Vowing to “end the era of mass incarceration,” presidential candidate Hillary Clinton called for sweeping changes to the criminal justice system today as well as a recognition of “hard truths” about race and law enforcement tactics nationwide. “Everyone in every community benefits when there is respect for the law and when everyone in every community is respected by the law,” she said at Columbia University. NBC News reports. Listing unarmed black men who have died after altercations with law enforcement — including Freddie Gray, whose death while in police custody led to riots in Baltimore — Clinton said that the deaths should “galvanize” Americans to fight for change.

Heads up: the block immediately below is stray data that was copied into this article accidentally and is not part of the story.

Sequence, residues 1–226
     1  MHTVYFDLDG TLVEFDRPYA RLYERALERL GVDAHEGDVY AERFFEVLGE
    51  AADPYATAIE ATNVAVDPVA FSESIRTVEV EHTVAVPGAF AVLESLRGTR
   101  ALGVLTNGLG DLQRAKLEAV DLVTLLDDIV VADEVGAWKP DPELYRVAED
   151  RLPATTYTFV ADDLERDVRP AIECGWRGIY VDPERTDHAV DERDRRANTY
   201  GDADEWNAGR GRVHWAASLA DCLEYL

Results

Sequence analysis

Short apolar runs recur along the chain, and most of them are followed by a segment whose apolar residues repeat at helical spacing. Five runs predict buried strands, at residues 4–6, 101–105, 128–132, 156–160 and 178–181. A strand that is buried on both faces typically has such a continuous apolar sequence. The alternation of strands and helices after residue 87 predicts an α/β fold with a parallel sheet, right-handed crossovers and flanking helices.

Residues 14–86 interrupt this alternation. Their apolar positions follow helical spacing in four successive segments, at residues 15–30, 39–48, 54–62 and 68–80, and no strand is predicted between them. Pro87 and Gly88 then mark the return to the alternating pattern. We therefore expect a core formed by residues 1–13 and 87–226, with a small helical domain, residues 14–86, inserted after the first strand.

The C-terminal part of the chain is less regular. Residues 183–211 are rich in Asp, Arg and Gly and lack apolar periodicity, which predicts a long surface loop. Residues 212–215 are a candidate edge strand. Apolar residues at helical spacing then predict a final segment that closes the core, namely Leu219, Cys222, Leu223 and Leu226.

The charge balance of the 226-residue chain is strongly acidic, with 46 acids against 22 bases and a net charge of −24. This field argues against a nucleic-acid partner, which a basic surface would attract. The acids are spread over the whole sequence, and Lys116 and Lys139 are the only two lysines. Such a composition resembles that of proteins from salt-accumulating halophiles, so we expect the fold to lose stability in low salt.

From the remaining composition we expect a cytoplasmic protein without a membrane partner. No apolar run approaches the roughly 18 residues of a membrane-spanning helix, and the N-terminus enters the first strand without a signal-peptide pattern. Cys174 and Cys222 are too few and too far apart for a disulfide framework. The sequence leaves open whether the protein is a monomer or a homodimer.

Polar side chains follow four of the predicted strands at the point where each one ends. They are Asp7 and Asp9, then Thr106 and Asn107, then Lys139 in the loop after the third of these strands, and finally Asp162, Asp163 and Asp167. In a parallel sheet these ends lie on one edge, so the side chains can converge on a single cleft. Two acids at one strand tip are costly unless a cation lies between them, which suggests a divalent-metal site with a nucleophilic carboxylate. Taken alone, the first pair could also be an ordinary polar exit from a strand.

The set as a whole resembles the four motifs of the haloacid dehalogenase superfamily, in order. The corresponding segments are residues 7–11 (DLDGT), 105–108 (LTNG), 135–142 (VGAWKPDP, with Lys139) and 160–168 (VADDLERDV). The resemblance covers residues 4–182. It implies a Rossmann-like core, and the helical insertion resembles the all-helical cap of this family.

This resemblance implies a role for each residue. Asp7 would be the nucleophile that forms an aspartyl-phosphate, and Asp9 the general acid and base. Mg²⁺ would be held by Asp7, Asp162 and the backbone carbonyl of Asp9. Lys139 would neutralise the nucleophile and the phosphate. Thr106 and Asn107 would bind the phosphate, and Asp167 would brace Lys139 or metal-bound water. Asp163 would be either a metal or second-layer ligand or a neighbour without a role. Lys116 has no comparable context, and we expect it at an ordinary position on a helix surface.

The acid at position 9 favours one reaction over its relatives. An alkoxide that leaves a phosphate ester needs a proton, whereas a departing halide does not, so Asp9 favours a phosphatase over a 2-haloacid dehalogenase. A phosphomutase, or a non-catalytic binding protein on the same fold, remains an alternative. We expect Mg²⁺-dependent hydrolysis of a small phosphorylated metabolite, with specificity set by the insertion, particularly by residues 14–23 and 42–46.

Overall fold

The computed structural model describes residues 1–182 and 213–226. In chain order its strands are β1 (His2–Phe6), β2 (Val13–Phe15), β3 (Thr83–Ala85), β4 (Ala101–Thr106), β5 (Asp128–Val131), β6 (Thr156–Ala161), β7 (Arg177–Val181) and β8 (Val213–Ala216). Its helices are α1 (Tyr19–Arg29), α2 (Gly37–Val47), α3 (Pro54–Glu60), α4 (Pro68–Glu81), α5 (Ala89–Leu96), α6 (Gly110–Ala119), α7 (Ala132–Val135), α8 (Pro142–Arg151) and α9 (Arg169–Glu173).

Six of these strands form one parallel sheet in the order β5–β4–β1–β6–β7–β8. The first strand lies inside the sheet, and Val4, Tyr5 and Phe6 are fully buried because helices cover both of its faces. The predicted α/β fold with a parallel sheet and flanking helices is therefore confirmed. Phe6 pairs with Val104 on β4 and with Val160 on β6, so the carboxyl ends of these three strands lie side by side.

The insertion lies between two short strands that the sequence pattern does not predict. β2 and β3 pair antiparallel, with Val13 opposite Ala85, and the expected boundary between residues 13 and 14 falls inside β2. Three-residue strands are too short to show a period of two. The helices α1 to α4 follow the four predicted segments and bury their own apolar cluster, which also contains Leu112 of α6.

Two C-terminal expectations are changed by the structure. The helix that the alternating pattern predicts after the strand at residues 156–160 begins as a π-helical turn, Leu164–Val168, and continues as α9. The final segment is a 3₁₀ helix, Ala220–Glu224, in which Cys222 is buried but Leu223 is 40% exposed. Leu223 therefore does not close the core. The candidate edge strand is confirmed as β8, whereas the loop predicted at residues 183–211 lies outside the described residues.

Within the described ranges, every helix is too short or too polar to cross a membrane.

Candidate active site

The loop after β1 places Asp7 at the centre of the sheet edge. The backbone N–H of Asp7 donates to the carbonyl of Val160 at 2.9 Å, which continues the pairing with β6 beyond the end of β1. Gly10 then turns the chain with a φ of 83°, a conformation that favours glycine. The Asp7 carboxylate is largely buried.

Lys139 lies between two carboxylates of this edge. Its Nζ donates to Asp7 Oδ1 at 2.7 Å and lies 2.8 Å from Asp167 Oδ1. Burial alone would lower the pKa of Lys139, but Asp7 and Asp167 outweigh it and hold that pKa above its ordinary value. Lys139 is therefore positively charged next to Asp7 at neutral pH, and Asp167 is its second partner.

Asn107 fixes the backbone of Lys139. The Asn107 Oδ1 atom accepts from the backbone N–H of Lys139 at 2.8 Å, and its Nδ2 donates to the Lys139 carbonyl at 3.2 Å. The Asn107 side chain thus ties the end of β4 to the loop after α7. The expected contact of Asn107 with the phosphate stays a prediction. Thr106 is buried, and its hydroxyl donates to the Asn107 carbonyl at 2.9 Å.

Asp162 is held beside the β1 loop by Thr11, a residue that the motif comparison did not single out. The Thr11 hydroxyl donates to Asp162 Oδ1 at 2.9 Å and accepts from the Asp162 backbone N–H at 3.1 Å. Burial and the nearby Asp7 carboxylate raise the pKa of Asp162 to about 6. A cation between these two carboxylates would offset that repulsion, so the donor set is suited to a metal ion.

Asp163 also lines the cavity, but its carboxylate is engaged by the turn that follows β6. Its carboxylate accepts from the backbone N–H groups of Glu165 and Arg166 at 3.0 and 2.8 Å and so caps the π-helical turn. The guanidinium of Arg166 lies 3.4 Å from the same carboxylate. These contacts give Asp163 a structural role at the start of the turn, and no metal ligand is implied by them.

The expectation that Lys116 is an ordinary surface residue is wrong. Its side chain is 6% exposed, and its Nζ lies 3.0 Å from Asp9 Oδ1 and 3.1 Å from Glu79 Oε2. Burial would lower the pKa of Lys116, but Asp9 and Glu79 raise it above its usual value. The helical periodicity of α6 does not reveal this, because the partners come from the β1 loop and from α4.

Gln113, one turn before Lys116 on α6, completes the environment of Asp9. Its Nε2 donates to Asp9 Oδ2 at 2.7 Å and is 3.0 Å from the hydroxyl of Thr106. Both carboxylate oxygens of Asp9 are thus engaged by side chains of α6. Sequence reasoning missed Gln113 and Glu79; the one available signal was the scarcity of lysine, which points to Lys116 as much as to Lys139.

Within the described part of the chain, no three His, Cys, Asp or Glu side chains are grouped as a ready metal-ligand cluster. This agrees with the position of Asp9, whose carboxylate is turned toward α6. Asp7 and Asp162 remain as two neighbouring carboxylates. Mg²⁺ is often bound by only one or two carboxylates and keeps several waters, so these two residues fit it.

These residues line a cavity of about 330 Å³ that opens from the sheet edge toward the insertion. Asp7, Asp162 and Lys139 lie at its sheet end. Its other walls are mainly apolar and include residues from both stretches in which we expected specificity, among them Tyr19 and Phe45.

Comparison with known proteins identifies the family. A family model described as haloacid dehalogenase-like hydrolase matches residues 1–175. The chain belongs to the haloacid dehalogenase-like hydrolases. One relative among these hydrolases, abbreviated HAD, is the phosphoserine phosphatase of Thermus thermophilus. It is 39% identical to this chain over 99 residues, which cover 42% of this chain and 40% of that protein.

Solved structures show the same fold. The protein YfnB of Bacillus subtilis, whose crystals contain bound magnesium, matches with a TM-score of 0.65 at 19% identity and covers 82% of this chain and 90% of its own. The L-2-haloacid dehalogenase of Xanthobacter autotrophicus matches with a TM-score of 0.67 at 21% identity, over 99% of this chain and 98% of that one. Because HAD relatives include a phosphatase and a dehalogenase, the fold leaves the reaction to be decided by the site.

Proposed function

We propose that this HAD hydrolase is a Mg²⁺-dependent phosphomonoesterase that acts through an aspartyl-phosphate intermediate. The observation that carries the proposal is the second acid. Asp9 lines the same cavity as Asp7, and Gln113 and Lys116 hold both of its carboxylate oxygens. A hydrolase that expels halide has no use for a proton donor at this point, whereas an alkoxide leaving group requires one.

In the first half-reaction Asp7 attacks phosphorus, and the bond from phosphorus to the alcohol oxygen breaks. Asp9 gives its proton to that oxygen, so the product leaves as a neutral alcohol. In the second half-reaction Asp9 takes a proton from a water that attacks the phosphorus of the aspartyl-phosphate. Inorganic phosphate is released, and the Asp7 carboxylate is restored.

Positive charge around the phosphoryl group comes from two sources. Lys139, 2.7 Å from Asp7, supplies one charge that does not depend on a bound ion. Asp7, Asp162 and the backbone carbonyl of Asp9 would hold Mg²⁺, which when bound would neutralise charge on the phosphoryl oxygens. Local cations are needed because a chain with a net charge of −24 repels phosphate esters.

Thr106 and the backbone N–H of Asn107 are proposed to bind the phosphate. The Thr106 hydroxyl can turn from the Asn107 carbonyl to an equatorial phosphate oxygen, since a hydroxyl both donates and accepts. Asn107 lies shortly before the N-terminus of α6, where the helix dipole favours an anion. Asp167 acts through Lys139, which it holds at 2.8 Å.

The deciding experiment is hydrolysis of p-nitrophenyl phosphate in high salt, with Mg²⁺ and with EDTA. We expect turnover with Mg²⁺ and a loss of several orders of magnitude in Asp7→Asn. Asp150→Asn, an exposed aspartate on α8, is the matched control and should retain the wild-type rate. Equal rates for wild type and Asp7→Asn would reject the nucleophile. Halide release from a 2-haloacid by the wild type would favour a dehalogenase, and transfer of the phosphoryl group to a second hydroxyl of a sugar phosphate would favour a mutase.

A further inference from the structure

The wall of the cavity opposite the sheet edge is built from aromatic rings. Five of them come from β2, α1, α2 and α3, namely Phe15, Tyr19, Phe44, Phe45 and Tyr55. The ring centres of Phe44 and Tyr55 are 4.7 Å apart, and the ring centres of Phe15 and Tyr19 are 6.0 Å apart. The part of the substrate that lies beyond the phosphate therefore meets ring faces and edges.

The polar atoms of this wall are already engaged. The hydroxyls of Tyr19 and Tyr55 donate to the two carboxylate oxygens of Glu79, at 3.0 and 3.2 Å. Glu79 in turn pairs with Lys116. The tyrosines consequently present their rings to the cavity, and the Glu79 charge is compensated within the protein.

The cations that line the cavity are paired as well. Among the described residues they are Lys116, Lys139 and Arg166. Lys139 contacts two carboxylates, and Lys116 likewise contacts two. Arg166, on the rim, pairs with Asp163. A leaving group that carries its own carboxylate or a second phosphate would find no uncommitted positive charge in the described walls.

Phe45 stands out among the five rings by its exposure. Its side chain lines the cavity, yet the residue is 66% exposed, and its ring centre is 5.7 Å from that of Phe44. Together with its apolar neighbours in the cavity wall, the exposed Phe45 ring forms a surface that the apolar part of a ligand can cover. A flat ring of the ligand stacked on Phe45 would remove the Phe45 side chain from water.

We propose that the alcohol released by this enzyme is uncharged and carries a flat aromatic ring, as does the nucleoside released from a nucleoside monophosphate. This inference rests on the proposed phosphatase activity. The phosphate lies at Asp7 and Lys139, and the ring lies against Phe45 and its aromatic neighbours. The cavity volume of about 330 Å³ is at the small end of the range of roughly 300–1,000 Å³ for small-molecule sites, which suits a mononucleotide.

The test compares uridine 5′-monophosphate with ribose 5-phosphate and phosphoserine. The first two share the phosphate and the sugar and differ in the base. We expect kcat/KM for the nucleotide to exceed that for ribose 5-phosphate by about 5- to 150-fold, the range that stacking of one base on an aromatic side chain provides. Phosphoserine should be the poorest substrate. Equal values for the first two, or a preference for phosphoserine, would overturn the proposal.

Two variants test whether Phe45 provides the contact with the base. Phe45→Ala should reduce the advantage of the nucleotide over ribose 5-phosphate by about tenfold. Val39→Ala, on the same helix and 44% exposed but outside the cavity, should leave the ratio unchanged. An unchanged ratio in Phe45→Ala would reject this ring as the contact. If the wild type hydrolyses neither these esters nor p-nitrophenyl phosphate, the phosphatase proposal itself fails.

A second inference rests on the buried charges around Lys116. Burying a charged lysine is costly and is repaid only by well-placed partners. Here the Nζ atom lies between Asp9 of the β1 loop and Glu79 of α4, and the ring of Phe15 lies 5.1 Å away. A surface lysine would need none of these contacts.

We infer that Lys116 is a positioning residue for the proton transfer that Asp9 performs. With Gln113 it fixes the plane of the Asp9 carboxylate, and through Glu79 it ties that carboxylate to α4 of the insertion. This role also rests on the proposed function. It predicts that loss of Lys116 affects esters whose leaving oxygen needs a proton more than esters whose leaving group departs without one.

Calling President Obama’s commission on police reform “a good place to start,” Clinton laid out a series of policy proposals, including a call for body cameras for every police department. “That will help protect good people on both sides of the lens,” she said. She suggested that federal funds should be used to bolster public safety, not for “weapons of war that have no place on our streets.” She pushed for more resources to treat mental health issues and drug addiction, saying that “our prisons and our jails are now our mental health institutions.” Her statement about ending “the era of mass incarceration” is an implicit rebuke to one Bill Clinton’s policy legacies, backing a crime law in 1994 that encouraged states to build prisons.